11

You can calculate the size of the effect from simple geometry. Tire wear reduces the diameter of the tire, which reduces the circumference of the tire. New passenger car tires typically come with 10/32" to 11/32" of tread depth (source). Tires are considered fully worn-out when only 2/32" of tread remains. So the tire has lost 8/32"--9/32" on the radius, or ...


11

First, the critical caveat: You are the driver. You have to make the decision. It ultimately doesn't matter what we say. Given, that, I would say NO, it is not safe to drive until the weekend. Get the broken tire fixed or replaced as soon as possible. You have two problems: Top speed limitation: the donut is top-speed rated for 50 mph (check the ...


11

Yes, wheel chocks would help in this case. Also, use of the emergency brakes as well as leaving it in gear (EDIT- Leave it in gear if a manual or park if automatic). If wheel chocks are not available, you could use a largish stone which could be wedged between the tire and the ground on both sides of the tire. This would be on a tire which is not flat and ...


11

I don't have and sources for this, so please, post 'em if you got 'em, but it's my understanding that H was originally used to designate either Highway rated tire or High speed. Even I'm not clear on this... Also, the letters I and O are commonly left out of lettering schemes because of their cousins, the numbers 1 and 0. And to speculate further, X is ...


11

On every car sold (that I'm aware of) there is a sticker pasted, usually in the door jam of the driver's side, which states exactly what the car manufacturer suggests your tire pressure should be at. It will give a front/back pressure. This is what you should use and not what the pressure on the side of the tire says. The figure on the tire is the maximum ...


10

Tire condition can be interpreted in several ways, visually being the most prominent. Usually excessive tread wear can be seen quite easily using the famous penny test (using an old penny, one where Lincoln's head doesn't overlap the outside edge of the coin). From Wikipedia: If part of Lincoln's head is covered by the tread, the tire has a legal ...


10

There are major benefits on a track: you have much lower tire deformation with a low profile tire so you can corner harder. You can also accelerate and brake harder, and your tires get to temperature much faster as there is less rubber to warm up. On a normal road having very low profile tires can be a negative - they don't soak up bumps as well as a higher ...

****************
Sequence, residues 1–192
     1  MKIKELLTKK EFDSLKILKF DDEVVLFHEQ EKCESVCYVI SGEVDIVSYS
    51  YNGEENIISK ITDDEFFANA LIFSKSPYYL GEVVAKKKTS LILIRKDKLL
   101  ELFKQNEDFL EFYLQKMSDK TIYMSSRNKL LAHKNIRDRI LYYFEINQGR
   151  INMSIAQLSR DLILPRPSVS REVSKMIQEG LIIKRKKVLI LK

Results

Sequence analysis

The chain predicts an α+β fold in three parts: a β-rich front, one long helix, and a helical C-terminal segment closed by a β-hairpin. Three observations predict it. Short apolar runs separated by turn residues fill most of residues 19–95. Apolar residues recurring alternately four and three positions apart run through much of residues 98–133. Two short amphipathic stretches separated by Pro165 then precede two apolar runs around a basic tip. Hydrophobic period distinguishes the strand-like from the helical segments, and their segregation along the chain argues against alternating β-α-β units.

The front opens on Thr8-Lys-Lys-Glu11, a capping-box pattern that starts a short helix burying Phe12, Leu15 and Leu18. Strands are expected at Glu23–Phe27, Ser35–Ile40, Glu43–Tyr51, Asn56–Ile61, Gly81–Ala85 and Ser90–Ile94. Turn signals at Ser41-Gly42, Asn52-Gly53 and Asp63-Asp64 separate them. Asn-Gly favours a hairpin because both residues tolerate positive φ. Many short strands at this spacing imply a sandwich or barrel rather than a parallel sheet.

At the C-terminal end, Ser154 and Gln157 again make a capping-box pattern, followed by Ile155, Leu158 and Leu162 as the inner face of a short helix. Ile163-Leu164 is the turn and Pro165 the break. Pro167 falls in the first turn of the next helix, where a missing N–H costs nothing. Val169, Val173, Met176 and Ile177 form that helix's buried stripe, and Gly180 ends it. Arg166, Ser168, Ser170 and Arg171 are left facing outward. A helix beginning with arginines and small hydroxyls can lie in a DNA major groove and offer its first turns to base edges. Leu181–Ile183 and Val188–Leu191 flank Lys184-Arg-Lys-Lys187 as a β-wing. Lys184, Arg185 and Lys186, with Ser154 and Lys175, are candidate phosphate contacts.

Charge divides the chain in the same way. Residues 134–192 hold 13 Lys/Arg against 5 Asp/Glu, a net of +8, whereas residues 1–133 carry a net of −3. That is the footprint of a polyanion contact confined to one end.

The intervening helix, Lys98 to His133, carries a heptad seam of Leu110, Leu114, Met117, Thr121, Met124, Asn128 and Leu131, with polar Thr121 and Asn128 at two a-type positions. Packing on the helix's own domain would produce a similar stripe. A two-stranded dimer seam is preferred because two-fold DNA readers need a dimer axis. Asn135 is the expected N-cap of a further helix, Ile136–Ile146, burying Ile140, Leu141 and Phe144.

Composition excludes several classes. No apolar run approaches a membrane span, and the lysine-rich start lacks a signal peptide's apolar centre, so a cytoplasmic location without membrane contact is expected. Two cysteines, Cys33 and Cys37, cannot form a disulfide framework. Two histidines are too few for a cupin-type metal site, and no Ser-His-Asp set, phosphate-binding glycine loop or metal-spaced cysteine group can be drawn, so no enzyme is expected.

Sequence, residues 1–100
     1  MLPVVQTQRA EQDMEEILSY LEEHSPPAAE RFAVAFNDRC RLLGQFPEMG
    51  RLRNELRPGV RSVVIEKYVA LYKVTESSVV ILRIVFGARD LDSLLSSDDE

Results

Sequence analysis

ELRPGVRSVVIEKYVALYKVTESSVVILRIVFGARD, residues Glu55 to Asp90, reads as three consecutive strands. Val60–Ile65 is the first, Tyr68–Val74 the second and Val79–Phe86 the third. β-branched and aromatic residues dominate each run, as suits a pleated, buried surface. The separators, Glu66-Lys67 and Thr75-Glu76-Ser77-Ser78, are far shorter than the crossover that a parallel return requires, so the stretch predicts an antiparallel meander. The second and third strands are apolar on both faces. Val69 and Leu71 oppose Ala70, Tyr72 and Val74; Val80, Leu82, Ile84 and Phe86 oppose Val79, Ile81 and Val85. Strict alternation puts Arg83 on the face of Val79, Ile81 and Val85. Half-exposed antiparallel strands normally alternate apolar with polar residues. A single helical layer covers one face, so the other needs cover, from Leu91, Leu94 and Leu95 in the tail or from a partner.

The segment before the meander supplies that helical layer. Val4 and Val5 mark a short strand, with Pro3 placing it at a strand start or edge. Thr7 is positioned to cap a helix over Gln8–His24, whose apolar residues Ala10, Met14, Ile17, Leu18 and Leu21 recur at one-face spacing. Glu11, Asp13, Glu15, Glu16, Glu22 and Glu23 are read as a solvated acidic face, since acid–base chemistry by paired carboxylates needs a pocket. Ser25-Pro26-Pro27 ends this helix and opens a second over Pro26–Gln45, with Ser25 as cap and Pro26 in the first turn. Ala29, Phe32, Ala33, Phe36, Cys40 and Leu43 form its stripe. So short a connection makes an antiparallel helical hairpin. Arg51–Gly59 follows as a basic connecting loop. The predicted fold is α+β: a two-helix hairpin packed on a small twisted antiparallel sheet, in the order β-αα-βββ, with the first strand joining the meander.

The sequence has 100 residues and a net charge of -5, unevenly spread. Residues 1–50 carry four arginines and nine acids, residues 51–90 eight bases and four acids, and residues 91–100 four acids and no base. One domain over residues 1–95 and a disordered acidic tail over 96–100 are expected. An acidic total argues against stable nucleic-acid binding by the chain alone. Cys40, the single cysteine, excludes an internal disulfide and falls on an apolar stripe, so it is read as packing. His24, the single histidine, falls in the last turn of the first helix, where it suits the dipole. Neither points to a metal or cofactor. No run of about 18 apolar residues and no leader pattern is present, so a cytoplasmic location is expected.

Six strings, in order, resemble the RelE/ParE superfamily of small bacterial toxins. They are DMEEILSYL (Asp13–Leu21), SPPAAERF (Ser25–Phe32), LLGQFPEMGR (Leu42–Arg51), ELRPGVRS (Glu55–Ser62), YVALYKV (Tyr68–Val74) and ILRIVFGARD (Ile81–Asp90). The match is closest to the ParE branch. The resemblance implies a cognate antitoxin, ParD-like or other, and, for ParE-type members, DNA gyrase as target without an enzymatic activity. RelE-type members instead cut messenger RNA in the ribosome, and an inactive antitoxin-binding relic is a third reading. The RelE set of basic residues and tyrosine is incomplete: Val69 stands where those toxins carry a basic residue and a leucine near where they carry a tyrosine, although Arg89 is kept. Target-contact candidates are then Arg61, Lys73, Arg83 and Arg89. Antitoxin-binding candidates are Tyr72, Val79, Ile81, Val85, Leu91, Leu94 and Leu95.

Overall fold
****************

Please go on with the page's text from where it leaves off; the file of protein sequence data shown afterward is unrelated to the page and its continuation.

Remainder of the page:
10

Looks like a Stabilizer Bar Link for your steering stabilizer.


10

Any tyre design is a balance between cost, grip, longevity, water displacement and rolling resistance. Change one, and chances are you'll adversely affect the others... Personally, I would always put grip and water displacement (which affects wet grip) above all the others on a priority list. The difference between those "fuel efficient" tyres and normal ...


10

The Info provided by COSTCO is on paper correct, if you were say using a tire with a speed rating of 118 mph (T), and you were in Germany cruising at 140 mph, the tire could overheat and cause this problem. However, in your case, you just had a flat tire driven on flat. If they check the tread, area, or the valve stem, from the take-off tire, they will ...


10

From what I have seen and read over the last few years the "general rule" has become best tires on the rear. In my opinion it is likely the result of litigation by people who were involved in skidding accidents. The theory as far as I understand it, is that with worn tires in the rear, the back end can loose traction and allow the rear of the car to attempt ...


10

Yes! They have lug nuts. There is a center cap which is removed to access the lug nuts. Center Cap Wheel


10

The tire store manager is pretty much on the money. A better way to say it, though, might be: A normal tire can lose up to 2 psi a month. Why is this important? Every tire/wheel combo is going to be different in the rate at which they lose air pressure. There are several ways (besides a puncture) a tire can lose air pressure. Those might include a bad ...


10

I have only seen wear like that in tires that are around 10 years old. What does the date code say? Have you ever let a rubber-band sit for years? You are risking tread separation by driving them like this. If you can afford the tires you should replace them. An accident at high speed will cost you more than the tires.


10

In the UK, it would be illegal to drive on this tyre. Therefore, if you were stopped by the police, they would have the right to stop you driving further, order a tow-truck to collect your car and remove it. They could then fine you and charge you for the costs of towing and returning your car. I don't know about other countries.